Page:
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Kazakhstan HIV
July 23, 2006 3:19 PM   Subscribe

Fourteen infants in Kazakhstan hospitals have been found to have HIV. The chief of the regional anti-AIDS center blamed degenerate parents. Not a bad guess; certainly drug use and prostitution have been the major driving force behind the spread of HIV into Central Asia. In this case, however, the victims were probably infected by tainted blood, a problem largely solved in developed countries but still problematic in much of the world. Attitudes like the official's in this case are a big part of the problem.
posted by thirteenkiller (22 comments total) 1 user marked this as a favorite

 
A big part of the problem is callilng the sex trade and drug use 'degeneracy'.
posted by docgonzo at 3:24 PM on July 23, 2006


That's what I just said, plz read and ponder.
posted by thirteenkiller at 3:25 PM on July 23, 2006


I mean, wait a sec. Are you saying people who are involved in sex trade and drugs and get HIV from this lifestyle then give it to their children are not degenerate?

The guy blamed it on parents, saying they were like that. I would say the type of parents he described are indeed degenerate. I don't see a problem with that.

As I said in the post, there is a problem with attitudes about people with HIV and gay people and whatnot, who are not necessarily degenerate.
posted by thirteenkiller at 3:31 PM on July 23, 2006


The chief of the regional anti-AIDS center blamed degenerate parents. Not a bad guess; certainly drug use and prostitution have been the major driving force behind the spread of HIV into Central Asia. (My emphasis.)

You equated drug use and commercial sex with degeneracy. This sort of moralising supports the social exclusion of people who use drugs and engage in commercial sex. This makes harm-reduction initiatives to prevent the transmission of HIV or get therapies to PLWHA more difficult.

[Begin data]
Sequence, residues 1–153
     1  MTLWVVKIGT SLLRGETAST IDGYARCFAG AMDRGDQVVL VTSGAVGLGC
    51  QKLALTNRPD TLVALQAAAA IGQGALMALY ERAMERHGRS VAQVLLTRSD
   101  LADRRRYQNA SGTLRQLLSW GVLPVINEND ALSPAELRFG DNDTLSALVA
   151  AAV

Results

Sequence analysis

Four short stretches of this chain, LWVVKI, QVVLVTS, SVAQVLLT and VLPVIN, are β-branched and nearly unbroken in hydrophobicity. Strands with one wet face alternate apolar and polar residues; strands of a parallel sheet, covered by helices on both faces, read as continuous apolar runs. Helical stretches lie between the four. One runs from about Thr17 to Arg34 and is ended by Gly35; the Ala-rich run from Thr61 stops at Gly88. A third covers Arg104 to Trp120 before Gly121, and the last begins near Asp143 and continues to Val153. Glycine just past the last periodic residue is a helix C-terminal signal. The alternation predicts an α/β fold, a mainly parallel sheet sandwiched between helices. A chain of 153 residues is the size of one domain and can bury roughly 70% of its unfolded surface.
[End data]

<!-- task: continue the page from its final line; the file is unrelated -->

posted by docgonzo at 4:03 PM on July 23, 2006


Oops. My emphasis didn't show up. Lemme try again:

The chief of the regional anti-AIDS center blamed degenerate parents. Not a bad guess; certainly drug use and prostitution have been the major driving force behind the spread of HIV into Central Asia. (My emphasis.)
posted by docgonzo at 4:04 PM on July 23, 2006


Okay. You think sharing needles isn't degenerate. That's cool.
posted by thirteenkiller at 4:06 PM on July 23, 2006


No, I think people who engage in IV drug use don't always have the opportunity, knowledge or power to use clean needles; more to the point, I don't think moralising helps them do that.
posted by docgonzo at 4:11 PM on July 23, 2006


I said just that in the post: "Moralizing" is a big part of the problem. Please see the last two links. I wasn't trying to present my own moral judgement of the people; rather I was paraphrasing the official's quote and the prevailing attitude of that society.

That said, I think it is not unreasonable to characterize the hypothetical parents described by the quoted official as degenerate. It seems you and I have some disagreement about that. Too bad, huh.
posted by thirteenkiller at 4:20 PM on July 23, 2006


I wasn't trying to present my own moral judgement of the people;

Yes, you were. The chief blamed "degenerates", you said that was "not a bad guess" as IDU and CSW have been the chief means of transmission of HIV-1 in the area. You did more than paraphrase; you agreed.

My point is that even people who may think themselves sensitive to the people involved in the HIV-1 pandemic are reproducing destructive, shallow and uninformed stereotypes that reinforce the forces powering transmission. This FPP is a perfect example.